Some light filters, a dark wash, very light layer of dust, and a light overall wash of Vallejo’s oily earth on the platform; pretty much that was it.

Das Werk: 1/35 FMG 39 / FuSE 62 D „Würzburg“ Part 1.


I have not seen this radar in model form before. For more information on the radar itself and it development history, it is well worth to check out this webpage.
There are some really useful reference photos as well that I used for this build. There is also a very good webpage on radars in general worth visiting.


As you can see the detail is impressive, and the assembly was a breeze. (The silly little legs of the circular platform were a bit of a pain to adjust. And they keep breaking off as you handle the model.)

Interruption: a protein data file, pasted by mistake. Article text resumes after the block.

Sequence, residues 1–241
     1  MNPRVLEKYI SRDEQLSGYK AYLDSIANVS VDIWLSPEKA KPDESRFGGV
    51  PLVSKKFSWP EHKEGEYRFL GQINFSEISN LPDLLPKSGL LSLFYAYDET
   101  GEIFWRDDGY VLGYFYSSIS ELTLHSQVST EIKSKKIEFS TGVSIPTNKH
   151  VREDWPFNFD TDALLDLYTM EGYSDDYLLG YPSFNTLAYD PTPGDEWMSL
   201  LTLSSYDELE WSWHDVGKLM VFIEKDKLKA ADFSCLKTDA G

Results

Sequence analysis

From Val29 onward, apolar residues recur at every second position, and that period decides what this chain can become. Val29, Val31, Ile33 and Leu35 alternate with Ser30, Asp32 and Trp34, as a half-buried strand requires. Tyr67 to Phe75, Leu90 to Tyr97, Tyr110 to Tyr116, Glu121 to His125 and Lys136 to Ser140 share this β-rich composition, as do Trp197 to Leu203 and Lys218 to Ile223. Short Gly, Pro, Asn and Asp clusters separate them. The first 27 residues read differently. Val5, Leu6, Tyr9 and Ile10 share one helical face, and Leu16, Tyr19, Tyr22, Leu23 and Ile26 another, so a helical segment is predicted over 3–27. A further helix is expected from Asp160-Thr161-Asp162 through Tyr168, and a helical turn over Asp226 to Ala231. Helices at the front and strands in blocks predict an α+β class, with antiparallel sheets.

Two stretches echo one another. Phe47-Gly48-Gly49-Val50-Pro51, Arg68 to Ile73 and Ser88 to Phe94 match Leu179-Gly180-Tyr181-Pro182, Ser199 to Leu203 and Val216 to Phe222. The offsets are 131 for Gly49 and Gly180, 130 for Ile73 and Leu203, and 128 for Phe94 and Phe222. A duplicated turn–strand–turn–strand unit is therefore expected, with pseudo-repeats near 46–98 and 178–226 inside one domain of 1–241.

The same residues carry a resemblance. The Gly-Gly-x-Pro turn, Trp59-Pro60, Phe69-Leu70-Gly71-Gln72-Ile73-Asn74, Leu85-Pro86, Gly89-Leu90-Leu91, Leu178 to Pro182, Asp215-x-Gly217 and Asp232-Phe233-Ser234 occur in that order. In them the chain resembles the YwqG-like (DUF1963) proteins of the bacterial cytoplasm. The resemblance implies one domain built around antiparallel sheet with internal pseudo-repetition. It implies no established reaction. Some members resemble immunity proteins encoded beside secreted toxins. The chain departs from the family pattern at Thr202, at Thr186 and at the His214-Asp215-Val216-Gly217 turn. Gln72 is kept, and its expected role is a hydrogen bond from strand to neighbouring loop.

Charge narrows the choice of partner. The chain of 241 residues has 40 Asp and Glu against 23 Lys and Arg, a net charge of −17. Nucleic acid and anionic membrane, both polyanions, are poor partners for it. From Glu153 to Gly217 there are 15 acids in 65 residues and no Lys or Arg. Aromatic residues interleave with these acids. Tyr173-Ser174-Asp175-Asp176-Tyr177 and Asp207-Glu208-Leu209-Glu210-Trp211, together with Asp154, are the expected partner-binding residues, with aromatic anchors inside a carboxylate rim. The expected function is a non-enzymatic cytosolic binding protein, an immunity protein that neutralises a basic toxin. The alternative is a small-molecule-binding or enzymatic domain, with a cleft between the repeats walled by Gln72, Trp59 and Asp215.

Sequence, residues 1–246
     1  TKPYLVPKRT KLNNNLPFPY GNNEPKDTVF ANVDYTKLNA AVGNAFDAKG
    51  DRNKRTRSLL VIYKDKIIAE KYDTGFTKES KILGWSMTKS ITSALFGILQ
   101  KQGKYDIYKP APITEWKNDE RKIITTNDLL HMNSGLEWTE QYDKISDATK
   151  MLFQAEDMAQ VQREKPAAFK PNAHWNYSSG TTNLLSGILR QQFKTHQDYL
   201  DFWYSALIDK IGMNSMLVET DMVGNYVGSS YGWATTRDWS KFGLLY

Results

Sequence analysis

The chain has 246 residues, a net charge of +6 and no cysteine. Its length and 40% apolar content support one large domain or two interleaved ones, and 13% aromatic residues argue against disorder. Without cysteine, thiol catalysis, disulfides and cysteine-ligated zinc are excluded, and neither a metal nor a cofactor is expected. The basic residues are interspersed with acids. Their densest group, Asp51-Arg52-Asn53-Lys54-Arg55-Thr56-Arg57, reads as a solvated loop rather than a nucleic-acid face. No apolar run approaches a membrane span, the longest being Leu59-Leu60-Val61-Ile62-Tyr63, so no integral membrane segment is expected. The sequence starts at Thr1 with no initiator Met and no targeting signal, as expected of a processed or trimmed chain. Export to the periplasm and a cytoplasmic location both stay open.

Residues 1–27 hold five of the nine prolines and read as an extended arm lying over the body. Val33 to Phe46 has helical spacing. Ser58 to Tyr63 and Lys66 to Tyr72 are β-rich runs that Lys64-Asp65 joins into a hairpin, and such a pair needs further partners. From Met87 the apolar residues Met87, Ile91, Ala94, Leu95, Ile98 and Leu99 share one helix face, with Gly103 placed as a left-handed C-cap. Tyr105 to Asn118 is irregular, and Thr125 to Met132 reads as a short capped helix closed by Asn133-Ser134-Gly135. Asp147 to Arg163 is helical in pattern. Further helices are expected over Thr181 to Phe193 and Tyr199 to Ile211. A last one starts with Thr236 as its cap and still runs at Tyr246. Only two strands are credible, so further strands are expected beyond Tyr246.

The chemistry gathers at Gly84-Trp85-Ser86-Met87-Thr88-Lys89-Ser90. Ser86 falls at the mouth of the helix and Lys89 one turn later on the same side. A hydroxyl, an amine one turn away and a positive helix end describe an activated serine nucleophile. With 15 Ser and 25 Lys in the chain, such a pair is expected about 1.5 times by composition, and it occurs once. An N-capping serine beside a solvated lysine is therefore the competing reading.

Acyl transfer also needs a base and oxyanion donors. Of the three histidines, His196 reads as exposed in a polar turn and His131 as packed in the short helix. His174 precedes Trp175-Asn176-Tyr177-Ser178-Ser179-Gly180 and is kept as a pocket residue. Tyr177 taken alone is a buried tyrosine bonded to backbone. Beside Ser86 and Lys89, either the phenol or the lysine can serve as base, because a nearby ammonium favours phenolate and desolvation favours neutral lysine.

The painting was done using silly putty: after a Vallejo primer I painted the model in chocolate brown (Tamiya), and applied the putty mask. This was followed by Mig Ammo’s two type of Dunkelgelb (they were used to create some shading – one is really pale the other is more yellowish, so a varying mixture of the two produced a nice final shade).

So far so good; next step: weathering.

ICM 1/350 Markgraf part 4 -finishing for now

First part

Second part

Third part

Well, what do you know… another model is being finished. The world must be ending.

(OK, “sorta” finished. The rigging and some weathering is still to be done as you will see.) I wrote a review if interested about the model on ModelShipwright.

I ended up gluing in the turrets as they were somewhat wobbly, and decided not to do the rigging yet as I was pretty much exhausted with the model.

The next problem I faced: I could not take proper photos using my lightboxes. I have a small one, and a medium sized one -but the ship did not fit into either properly, as you can see, not to mention I had problems with lightning it properly.